NBFCs in India and their Future
NBFCs in India
The NBFCs in India have gone through a remarkable evolution over the past few years. They are recognized as one of the critically important components of the financial system and have shown consistent growth year after year. NBFCs play a major role in the core expansion of infrastructure, transport, employment generation, wealth creation opportunities, and financial support for economically weaker sections; thereby, making a significant contribution towards the overall development of the country.
The Regulatory Framework for NBFCs in India have gone through the phase ranging from streamlined regulations to rigid and extensive regulations and finally towards rationalization as part of the recently revised NBFC regulatory framework.
The Entry Point Norms
The entry point norms for NBFCs in India were introduced in the years 1996 and 1997. The following changes were laid down in the aforesaid norms:
- Regulations in respect to acceptance of deposits were made stricter and more detailed with an objective to have focused supervision on deposit-accepting NBFCs.
- Compulsory registration of all NBFCs from RBI before carrying on business.
- Maintenance of a part of deposits in the form of liquid assets.
- Capital requirement increased from 25 lakhs to 2 crores.
- Classification of non-deposit accepting NBFCs into systematically important and non-systematically important.
Impact of the G-20 Summit of 2010
The key issues highlighted in the G-20 summit held in November 2010 were focused on financial stability and strengthening the regulation and supervision of shadow banking. In India, NBFCs are considered similar to shadow banks, except for the reason that they come under regulatory supervision. Since then, RBI has been working towards improving the regulatory framework to put an end to shadow banking which poses a risk to financial stability.
Recent Changes in the Regulatory Framework of 2014
RBI conducted a comprehensive review of NBFC Regulations in 2014. The main aim of the framework was to focus the supervisory attention on those NBFCs that pose a risk to the financial system. Moreover, the objective was to bring operational efficiency to small NBFC.
The first and foremost step in this direction was to differentiate between systematically important and non-important NBFCs. The former were the ones having total assets of not less than 500 crores INR. These NBFCs have been subjected to more stringent regulations.
A lot of relaxations were brought in for non-systematically important non-deposit accepting NBFCs. These particularly included those NBFCs which have an asset size of more than 100 crores, but less than 500 crores. Around 11,500 NBFC fell into this category thereby experiencing greater operational flexibility.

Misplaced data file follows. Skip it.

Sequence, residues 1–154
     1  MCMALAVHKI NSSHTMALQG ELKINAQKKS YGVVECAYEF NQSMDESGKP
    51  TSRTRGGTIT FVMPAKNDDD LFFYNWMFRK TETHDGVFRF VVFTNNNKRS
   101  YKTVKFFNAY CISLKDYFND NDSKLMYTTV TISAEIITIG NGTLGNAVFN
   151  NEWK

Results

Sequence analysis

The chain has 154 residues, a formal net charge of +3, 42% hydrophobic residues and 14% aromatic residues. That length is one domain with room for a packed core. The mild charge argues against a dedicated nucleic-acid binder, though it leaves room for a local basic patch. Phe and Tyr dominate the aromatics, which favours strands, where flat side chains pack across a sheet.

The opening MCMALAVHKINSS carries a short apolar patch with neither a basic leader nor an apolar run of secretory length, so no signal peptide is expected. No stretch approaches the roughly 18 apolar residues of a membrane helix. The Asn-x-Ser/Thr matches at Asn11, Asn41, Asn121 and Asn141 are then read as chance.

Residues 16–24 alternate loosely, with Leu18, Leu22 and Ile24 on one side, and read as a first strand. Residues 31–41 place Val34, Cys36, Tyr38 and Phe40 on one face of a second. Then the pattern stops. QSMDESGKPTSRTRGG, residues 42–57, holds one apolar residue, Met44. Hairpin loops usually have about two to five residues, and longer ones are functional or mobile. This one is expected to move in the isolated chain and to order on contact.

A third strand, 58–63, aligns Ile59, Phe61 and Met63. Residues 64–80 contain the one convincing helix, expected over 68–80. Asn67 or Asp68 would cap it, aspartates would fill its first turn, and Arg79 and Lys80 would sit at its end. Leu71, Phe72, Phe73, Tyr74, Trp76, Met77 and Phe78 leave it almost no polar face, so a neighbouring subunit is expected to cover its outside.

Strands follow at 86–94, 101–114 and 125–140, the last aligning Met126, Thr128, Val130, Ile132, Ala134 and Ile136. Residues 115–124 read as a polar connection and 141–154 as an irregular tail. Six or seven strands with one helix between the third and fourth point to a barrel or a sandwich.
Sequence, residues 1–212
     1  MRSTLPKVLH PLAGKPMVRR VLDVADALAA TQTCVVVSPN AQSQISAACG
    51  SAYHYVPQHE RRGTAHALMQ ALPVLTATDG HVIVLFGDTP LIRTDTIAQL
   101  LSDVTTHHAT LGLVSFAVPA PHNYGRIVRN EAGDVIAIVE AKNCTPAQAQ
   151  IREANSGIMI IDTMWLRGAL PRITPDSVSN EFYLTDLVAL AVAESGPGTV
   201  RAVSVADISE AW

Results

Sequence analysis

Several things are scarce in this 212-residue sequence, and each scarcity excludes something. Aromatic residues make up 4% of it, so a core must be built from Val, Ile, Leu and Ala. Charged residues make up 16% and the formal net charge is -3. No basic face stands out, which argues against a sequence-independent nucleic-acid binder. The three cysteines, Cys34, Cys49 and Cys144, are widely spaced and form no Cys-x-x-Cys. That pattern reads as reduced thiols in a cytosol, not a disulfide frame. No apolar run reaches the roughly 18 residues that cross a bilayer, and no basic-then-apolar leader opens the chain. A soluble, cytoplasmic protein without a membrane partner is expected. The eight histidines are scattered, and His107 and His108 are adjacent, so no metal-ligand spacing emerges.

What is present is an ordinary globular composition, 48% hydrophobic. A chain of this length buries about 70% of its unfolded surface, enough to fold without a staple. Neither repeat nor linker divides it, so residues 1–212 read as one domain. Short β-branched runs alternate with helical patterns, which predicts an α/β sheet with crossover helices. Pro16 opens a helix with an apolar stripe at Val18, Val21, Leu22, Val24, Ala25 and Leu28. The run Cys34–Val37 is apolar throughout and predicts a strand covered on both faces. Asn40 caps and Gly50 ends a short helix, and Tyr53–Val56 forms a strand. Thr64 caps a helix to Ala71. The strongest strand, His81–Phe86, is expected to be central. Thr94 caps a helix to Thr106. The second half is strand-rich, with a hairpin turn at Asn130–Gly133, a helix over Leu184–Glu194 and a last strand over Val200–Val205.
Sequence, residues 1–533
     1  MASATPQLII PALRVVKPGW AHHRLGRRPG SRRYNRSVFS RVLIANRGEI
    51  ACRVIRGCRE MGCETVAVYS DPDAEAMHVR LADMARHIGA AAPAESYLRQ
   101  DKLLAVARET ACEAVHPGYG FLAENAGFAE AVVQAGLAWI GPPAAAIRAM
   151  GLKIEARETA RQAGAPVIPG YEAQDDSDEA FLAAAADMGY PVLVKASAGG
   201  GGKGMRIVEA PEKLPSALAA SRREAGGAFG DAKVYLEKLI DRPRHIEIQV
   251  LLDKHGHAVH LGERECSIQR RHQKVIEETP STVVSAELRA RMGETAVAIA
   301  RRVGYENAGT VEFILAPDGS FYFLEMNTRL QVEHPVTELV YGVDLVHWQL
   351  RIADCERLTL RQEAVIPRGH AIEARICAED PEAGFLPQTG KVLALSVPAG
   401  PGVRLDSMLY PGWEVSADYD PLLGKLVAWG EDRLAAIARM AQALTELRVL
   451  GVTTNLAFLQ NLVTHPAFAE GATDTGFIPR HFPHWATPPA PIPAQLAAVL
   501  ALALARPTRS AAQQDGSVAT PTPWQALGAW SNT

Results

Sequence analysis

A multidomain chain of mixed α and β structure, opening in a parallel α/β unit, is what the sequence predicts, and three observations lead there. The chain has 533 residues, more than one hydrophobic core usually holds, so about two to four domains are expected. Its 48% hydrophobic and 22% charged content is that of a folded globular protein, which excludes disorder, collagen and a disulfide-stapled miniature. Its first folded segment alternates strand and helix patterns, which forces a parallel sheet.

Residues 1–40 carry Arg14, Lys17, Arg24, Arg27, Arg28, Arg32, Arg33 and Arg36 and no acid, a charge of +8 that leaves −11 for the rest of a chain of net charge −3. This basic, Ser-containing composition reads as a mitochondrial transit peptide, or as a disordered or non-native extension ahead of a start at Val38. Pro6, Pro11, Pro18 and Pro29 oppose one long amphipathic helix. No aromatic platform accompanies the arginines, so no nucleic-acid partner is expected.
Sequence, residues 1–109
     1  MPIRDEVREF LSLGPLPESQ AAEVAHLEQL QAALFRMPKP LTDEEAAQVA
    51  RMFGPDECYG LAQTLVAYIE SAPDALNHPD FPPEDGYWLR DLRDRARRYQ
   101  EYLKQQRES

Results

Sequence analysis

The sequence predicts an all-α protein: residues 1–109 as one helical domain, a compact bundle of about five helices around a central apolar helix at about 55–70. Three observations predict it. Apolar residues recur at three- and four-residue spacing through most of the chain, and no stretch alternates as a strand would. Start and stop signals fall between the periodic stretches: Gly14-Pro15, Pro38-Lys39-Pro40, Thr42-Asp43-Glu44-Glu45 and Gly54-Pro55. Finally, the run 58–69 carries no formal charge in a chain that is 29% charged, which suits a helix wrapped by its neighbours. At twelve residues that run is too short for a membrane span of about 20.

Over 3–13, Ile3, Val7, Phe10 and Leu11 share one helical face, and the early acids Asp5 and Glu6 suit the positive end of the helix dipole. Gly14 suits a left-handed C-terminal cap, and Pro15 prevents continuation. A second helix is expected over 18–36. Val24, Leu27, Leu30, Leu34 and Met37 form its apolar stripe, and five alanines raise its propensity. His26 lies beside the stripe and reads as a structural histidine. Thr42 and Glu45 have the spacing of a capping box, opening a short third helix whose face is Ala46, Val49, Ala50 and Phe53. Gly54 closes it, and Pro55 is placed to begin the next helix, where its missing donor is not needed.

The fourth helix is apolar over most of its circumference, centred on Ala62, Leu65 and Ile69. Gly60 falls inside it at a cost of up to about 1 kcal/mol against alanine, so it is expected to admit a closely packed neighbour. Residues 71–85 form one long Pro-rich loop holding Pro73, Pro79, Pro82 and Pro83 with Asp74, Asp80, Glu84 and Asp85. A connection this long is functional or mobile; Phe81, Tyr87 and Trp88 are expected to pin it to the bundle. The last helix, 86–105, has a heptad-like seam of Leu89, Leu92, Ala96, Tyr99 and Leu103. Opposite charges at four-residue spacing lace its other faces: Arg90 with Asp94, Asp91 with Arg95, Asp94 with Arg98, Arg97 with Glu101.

Further customization in the regulation was introduced on the basis whether the NBFCs have access to public funds or not. Non-deposit accepting NBFCs with no public funds and no customer interface were exempted from complying with any prudential norms, thereby having the complete regulatory freedom to conduct their business activities. On the other hand, in order to avoid any misconduct behind these leverages, NBFCs-ND are required to ensure a leverage ratio of 7.
Furthermore, all the NBFC having customer interface are required to comply with governance requirements such as fair-practices code, anti-money laundering etc., under the new framework.
The provision regarding standard assets has also been increased by enhancing their limit to 0.40 % of the value of standard assets from 0.25 % earlier.
Minimum Net Owned Fund Requirement
The NOF requirement for all the NBFCs in India was prescribed to be a minimum of 2 crores INR. Earlier, the NBFCs registered prior to 21st April 1999 were required to maintain their NOF at 25 lacs INR. The limit for the NOF for all the NBFCs has been increased, keeping in view the need for the adoption of advanced technology, and to ensure sufficient capital base for diverse activities.
Changes Regarding Asset Finance Companies (AFCs)
The unrated AFCs were required to obtain investment grade rating by 31st March 2016. The limit for acceptance of deposits by a deposit accepting AFC has been reduced from 4 times to 1.5 times the net owned funds, and the credit concentration norms for all AFCs have also been brought in line with those of other NBFCs.
The requirement of the Prior Written Approval
As per the new regulatory directions, the prior written permission of the Reserve Bank of India is being required in the following situations:
- Any takeover or acquisition of NBFCs control may or may not result in the change of management.
- Any change in the shareholding resulting in the change of 26% or more change in the paid-up equity capital of NBFC.
- Any change in the directors, excluding independent directors resulting in the change of 30 % in a management of the company.
The Road Ahead
NBFCs are evolving as better substitutes to the conventional banks for meeting the financial needs of various sectors. However, to attain and maintain proper growth, they have to focus on their core strengths while continuously working up on their weaknesses. They need to be very vibrant and shall constantly attempt to search for new products and services in order to survive in this ever-competitive financial market. Due to the innovative and dynamic nature of the NBFC sector, there is a continuous need to redesign the regulatory framework with the changing times.